It depends on a few things — your size, burn rate, the time elapsed from the last raise, and the general ability to weather the storm. No one can know how much of your bottom line will be affected as well as what the future financing prospects look like. So a defensive posturing might give you more leeway.
One thing is definitely true — stakeholders will require more information about your KPIs.
You will want to know more about it, too — growth might be skewing towards industries where you achieve better product-market fit, and doubling down on them might be a good idea.
The pace of change will matter more than the headline number and focusing on rate change will help you spot inflection points, and improve your forecasting and overall trend better.
If you’re finding yourselves thinking “I’m not sure if we can 100% trust our metrics” — happy to get you set up with ChartMogul for comparison & data audit.
Book your ChartMogul demo now.
3. Rethink How You Sell Going Forward
The last 2 years of SaaS twitter summed up sales into two simplistic formulas for achieving growth:
PLG & raising prices
While I don’t expect the PLG trend to slow down, the lower cost overhead of “burden-less” no-freemium and bespoke enterprise software might do better here — especially for companies that can leverage the duration of their multi-year contract offerings compared to those relying on shorter-term subscriptions.
Just looking at Netflix and its monthly user decline, as well as market reaction to it, tells the tale of missed expectations and rapidly shifting sentiment. In times like these, emotions are high and churn hurts more emotionally and materially, and after 2 years of upwards price adjustments, we might be seeing some price concessions in exchange for duration and predictability.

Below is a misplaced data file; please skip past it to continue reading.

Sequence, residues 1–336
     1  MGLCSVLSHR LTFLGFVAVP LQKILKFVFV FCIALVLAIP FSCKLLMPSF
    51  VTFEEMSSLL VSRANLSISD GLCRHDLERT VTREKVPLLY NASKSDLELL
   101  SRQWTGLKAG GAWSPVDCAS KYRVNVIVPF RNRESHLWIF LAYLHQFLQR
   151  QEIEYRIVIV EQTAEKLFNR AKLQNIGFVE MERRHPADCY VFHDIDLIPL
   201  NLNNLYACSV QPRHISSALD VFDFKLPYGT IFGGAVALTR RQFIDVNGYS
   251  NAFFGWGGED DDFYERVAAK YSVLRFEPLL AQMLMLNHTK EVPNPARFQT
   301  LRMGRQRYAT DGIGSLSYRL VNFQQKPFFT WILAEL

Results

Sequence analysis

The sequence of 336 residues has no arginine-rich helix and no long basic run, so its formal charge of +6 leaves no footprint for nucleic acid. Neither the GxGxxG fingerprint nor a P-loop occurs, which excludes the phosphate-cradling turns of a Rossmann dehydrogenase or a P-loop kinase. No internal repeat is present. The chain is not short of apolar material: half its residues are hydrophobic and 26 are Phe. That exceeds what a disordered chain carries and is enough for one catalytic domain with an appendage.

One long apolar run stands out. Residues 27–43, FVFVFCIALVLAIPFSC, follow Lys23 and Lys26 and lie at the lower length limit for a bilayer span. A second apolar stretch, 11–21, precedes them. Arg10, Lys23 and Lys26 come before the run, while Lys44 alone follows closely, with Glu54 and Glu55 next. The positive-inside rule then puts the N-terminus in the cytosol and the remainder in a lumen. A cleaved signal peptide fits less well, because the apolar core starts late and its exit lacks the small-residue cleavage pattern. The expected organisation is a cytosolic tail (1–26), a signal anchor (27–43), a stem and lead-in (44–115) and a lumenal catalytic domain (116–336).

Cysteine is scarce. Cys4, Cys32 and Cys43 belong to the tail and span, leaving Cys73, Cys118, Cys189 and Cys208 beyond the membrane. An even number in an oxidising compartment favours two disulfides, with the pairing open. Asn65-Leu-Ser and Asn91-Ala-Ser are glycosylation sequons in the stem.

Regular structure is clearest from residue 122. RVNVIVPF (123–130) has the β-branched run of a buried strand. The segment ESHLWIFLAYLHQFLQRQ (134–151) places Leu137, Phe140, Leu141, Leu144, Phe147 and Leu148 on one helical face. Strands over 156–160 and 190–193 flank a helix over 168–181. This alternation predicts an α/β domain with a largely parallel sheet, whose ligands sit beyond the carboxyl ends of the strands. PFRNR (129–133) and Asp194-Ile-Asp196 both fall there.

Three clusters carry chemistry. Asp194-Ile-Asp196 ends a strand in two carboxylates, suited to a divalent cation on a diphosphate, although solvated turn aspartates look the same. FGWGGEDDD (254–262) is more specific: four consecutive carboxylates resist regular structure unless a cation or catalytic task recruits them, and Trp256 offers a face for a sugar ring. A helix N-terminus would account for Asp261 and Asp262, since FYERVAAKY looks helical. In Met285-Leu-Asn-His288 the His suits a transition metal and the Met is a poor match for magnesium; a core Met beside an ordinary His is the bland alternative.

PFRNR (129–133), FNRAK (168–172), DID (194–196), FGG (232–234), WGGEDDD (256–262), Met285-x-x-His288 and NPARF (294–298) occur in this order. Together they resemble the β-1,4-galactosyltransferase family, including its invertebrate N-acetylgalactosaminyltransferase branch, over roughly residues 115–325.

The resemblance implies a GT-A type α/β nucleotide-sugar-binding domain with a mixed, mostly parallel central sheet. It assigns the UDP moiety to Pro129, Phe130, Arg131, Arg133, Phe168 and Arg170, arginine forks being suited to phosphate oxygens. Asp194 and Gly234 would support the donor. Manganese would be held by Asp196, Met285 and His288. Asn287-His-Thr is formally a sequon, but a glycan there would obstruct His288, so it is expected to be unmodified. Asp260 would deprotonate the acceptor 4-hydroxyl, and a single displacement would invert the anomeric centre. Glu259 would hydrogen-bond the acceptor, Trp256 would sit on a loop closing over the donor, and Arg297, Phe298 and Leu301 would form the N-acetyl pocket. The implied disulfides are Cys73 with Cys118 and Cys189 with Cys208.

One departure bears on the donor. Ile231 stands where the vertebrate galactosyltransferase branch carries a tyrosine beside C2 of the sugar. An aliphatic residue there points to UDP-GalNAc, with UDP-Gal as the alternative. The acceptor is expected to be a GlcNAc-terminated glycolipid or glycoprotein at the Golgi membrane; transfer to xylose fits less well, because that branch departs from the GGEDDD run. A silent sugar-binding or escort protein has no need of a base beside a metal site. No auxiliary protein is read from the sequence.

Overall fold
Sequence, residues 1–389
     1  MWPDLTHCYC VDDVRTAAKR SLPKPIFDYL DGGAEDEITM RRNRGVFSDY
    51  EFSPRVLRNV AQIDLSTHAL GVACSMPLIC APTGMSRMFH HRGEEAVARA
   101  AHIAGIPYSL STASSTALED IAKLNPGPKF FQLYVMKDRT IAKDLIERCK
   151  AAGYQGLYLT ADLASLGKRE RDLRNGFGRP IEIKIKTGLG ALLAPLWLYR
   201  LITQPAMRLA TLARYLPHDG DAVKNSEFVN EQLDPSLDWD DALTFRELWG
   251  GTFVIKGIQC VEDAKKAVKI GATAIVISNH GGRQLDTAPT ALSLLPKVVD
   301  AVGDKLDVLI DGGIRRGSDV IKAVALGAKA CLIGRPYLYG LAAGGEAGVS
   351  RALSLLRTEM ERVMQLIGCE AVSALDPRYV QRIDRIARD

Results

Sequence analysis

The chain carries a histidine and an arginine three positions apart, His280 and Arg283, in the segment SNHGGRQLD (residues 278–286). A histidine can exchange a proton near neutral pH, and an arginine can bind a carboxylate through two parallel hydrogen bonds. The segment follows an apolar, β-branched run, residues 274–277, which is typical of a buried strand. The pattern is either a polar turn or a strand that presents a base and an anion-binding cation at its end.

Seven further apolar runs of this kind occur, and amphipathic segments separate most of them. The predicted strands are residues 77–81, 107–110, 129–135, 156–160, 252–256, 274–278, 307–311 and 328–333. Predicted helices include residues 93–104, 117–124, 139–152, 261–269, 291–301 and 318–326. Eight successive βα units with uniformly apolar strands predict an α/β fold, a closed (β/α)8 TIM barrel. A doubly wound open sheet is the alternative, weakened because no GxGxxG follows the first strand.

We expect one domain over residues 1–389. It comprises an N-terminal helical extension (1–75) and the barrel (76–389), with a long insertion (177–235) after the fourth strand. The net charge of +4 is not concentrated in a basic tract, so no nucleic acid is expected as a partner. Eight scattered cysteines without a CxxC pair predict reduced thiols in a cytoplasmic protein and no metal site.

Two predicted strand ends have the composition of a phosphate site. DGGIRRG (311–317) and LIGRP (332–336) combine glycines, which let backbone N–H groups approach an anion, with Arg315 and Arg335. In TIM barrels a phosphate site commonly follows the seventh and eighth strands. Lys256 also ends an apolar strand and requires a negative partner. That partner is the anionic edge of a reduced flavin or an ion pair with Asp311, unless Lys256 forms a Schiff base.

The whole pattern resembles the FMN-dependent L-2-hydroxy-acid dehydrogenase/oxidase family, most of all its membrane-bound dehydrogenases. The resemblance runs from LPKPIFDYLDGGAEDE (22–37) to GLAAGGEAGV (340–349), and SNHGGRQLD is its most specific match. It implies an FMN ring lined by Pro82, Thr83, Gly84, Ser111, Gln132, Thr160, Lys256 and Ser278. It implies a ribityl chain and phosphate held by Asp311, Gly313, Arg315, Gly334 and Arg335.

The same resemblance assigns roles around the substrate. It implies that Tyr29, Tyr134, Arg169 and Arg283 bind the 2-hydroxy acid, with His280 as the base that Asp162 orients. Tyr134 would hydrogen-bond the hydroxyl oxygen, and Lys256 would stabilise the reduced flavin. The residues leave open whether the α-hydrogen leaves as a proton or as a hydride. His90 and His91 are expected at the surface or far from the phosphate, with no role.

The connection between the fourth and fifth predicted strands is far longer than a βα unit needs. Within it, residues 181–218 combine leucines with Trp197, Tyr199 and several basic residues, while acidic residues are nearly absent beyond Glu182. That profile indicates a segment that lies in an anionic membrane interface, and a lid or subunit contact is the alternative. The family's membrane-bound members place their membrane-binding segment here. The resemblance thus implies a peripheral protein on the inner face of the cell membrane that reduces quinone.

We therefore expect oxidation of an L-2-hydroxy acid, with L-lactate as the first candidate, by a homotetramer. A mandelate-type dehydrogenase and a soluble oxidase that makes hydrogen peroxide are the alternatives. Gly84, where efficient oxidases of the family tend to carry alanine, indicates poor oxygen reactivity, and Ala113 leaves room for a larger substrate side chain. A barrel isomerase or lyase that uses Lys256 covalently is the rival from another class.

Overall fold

The trick, here again, is not to panic and keep a close eye on your ARPA in all user segments.
Sales teams will be incentivized to sell longer duration and nurture their best deals even more in an effort to keep growing. While we probably won’t see heavy discounting, the best SaaS companies out there will be able to keep their bottom line and expand in their competitors’ customer base but it will require top-notch, responsive, and proactive Customer Service and Sales teams to onboard & retain your customer base.
4. Seek Out Advice
We’ve had eleven straight years of SaaS expansion with one of the best bull markets in tech ever. No one is calling for an end to it but if the times get tough — there are niche communities that help contextualize the situation and let you hear the street talk.
If you’re a salesperson like me, Bravado’s War Room is an online sales forum that recently discussed some of the layoffs in tech people are seeing. The Mogul.io community founded by ChartMogul is a great place to chat with other founders and get some advice from your peers.
Lastly, we’re here to help as well. If you’re our customer, reach out to us if you need some perspective on your metrics. If the choppy SaaS waters are here to stay, that’s usually a good time to be curious, data-driven, and strategize the next steps.
- Yes, SaaS Startup Growth Is Slowing Down by Sid Jain, ChartMogul
- Operating During a Downturn by David Sacks, Craft Ventures
- What Is a Recession & Are We in One Now? by Eric Basmajian, EPB Macro
- Forecasting and Scenario Planning by Ravi Gupta, Pat Grady, Sequoia Capital